Pay It Forward

By Catherine Ryan Hyde

In “Pay It Forward,” Catherine Ryan Hyde explores the idea of what this world would be like if instead of people paying back debt, everyone paid it forward using a 12-year-old boy as the instigator.

Trevor McKinney and his mother, Arlene, live in the small California town where Reuben St. Clair transfers to teach. St. Clair, a scarred, bitter man, ends up in front of Trevor’s classroom and challenges the students to change the world. As an extra credit assignment, students who choose to participate are to design a project to help others, follow through with the project and then present it to the class.

Trevor designs a project to help three others in a big way with the catch that they each pay the debt forward to three others. If everyone followed through and helped three others, pretty soon, a multitude of people would be helped. Though Trevor thought his project was a total failure, he was unaware that it had really spread throughout the country. A reporter caught wind of what was being called a “movement” and tracked down Trevor.

The book is well-written, hopping between believable characters in believable circumstances. It is a wonderful depiction of how passing on acts of kindness can change the world without us even knowing or understanding the final result.

Though the story was inspired by a true event in Hyde’s life, it is a work of fiction. The concept of paying it forward was a key plot element in a play writing by Dyskolos in ancient Athens; was described by BenFranklin in a letter to Benjamin Webb in 1784; was in Ralph Waldo Emerson essay in 1841 and was espoused in Lloyd C. Doublass’s 1929 novel, “Magnificent Obsession.” The term “pay it forward” was popularized by Robert Heilein in his 1951 book, “Between Planets.”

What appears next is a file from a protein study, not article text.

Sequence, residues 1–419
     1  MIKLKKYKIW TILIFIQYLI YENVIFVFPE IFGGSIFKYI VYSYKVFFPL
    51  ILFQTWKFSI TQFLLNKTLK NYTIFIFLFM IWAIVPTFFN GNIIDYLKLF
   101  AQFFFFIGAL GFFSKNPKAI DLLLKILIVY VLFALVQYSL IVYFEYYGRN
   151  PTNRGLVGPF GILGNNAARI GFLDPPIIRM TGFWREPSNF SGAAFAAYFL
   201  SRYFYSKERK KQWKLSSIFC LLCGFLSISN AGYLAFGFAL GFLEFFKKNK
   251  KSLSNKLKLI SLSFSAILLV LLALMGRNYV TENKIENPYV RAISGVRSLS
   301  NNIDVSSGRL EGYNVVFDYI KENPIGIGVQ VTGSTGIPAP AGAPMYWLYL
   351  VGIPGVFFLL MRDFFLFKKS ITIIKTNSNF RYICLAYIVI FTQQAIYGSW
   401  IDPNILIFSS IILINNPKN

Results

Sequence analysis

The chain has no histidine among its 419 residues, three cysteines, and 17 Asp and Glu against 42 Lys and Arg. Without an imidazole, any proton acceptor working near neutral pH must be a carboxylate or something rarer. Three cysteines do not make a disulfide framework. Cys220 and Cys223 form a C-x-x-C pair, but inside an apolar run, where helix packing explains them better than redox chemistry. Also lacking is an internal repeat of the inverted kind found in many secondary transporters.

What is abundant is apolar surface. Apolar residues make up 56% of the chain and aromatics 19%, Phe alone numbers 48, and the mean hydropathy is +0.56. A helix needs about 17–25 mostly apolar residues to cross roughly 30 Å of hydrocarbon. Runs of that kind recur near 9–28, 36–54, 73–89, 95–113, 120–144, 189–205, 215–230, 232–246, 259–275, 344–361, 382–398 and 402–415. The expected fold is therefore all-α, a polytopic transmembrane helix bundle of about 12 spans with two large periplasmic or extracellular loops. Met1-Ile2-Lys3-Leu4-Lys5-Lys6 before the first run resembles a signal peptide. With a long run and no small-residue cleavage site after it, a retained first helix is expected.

A Pay It Forward Foundation was started in 2000. There also is an organization, called Students Today Leaders Forever, that was started at the University of Minnesota in 2003. It had its first Pay It Forward Tour, a multi-day volunteer trip focused on service, education and reflection, in 2004, and has done 240 tours since. There are now student-led chapters on 30 different college campuses.

Personally, I really enjoyed reading the book, and contemplating the idea. I have always lived by the philosophy “be kind to everyone. You never know how your act of kindness may affect someone.”


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